The American initiative in the Middle East, commenced as the Greater Middle Eastern Initiative, and adopted as the Broader Middle East and North Africa Initiative by the G-8 at the Sea Island Summit of June 8-10, 2004, serves as the context and cornerstone for the democratic movements fostered by the United States in the region ever since.[1] International efforts in Afghanistan which resulted in an elected president; efforts in Iraq which have resulted in a popularly adopted constitution and a popularly elected Parliament; elections Lebanon in May-June 2005 for a new Parliament and election

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Status of the Other Middle Eastern Experiment in Self Government


In the past year, Lebanon has undergone a major transformation of the basic operating assumptions, which have underpinned the establishment of orde...

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Past, Present and Future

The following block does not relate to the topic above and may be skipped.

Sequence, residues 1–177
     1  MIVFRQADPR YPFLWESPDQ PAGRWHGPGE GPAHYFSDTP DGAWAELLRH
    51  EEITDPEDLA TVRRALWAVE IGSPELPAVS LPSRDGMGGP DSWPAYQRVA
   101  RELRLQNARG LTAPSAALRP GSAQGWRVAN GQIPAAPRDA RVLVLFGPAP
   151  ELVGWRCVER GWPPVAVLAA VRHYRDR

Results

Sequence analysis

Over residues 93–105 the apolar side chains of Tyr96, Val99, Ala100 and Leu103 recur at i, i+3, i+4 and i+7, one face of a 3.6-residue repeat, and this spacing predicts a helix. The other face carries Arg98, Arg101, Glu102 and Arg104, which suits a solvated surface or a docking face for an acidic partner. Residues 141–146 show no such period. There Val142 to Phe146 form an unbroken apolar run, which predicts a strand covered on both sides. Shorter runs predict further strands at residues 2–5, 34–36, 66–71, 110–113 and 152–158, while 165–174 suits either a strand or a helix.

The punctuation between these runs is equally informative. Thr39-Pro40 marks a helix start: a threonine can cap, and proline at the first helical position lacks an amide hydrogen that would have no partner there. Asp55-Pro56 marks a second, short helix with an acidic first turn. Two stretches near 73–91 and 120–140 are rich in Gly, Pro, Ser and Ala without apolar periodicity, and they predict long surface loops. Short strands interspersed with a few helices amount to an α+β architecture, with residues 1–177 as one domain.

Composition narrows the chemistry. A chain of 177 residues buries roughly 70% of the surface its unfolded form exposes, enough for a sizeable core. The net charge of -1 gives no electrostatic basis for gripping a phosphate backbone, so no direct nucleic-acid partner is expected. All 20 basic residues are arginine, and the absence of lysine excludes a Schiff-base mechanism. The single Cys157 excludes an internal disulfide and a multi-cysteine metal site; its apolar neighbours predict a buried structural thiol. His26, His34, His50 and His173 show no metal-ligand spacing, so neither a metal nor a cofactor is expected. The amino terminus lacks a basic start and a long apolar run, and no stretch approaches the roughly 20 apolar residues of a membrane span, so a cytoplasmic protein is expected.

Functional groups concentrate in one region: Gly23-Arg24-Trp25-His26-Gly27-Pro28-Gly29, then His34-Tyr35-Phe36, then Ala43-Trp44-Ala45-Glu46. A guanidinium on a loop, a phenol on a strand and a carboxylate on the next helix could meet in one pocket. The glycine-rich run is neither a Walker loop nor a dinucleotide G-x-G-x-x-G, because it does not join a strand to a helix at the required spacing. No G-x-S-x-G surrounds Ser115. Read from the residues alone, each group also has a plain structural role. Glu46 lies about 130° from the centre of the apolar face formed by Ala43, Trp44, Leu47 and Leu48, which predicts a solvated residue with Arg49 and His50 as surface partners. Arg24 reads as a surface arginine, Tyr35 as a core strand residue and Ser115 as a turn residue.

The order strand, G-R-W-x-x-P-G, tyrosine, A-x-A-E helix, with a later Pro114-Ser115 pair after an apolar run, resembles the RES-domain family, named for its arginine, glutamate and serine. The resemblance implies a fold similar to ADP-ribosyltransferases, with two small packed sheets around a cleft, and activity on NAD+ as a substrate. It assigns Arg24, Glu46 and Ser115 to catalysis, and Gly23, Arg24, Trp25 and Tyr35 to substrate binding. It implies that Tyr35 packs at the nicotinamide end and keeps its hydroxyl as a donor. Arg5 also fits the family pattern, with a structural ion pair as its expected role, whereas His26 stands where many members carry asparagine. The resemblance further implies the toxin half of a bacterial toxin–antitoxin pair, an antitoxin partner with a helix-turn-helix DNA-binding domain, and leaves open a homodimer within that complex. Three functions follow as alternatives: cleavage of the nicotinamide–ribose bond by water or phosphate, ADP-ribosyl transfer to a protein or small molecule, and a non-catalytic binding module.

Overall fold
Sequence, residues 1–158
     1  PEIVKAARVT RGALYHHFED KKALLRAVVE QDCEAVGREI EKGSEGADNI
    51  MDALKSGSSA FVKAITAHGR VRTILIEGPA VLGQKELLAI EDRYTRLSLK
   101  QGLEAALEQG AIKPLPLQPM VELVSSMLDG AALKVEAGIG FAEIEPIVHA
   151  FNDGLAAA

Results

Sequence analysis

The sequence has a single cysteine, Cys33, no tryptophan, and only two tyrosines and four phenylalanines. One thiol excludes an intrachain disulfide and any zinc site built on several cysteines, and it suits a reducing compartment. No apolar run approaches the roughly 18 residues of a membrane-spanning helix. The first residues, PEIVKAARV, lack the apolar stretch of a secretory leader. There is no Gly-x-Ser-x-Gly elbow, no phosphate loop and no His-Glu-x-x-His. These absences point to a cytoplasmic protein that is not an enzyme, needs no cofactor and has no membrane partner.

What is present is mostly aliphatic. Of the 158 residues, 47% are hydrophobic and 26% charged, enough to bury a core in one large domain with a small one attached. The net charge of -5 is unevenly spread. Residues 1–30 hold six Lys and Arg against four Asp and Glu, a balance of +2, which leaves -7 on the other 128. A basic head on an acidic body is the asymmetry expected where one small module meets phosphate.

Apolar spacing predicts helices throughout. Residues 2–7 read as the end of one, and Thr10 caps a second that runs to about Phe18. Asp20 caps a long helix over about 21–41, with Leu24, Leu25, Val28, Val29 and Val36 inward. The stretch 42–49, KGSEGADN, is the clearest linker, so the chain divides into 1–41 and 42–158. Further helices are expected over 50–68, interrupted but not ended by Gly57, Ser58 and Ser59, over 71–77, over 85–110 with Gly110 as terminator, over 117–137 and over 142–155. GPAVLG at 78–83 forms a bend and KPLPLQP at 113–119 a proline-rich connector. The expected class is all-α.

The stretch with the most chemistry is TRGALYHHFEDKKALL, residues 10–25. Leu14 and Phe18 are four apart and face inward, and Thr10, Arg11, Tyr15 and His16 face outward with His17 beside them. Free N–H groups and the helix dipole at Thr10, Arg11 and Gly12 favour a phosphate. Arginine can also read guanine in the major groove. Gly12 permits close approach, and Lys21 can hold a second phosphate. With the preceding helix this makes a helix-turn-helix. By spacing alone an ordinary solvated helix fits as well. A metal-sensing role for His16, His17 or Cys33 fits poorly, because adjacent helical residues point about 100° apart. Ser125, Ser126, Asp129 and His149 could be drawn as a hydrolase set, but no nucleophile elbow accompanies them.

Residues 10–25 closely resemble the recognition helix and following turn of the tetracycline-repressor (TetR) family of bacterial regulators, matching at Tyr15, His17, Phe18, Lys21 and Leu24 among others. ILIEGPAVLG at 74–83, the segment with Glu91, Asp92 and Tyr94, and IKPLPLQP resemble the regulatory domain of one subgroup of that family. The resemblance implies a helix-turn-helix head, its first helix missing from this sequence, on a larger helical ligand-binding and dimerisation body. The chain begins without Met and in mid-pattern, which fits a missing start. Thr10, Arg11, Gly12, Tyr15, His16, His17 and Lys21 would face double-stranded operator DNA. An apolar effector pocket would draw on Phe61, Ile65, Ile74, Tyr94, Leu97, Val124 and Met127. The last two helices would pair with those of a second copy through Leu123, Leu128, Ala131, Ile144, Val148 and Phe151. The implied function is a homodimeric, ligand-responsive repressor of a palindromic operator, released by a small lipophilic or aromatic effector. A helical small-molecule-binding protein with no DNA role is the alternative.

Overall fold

We all take enormous pride in our glorious past. We go out of our way to talk about the accomplishments of our great ancestors, detailing their contributions to civilization, their innovations and ingenious inventions, etc.

We also tend speak very highly of ourselves as a nation. Adamant in pointing out our magnificent attributes, which set us apart from those around us. Persistent in establishing beyond a shadow of a doubt our unique national identity.

The proof for all we say was in seeing how Lebanon rose so quickly from its colonial post WWII ruins to a first class, ultra-modern society in less than two decades, greatly distinguishing us from all others.

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The Truth About Lebanon


Lebanese Americans realize that the tragic events in Lebanon have been confusing to everyone. Misinformation, bias reporting and narrow political interests have left most Americans at a loss as to the reality of the Lebanese Tragedy and whether they should even care.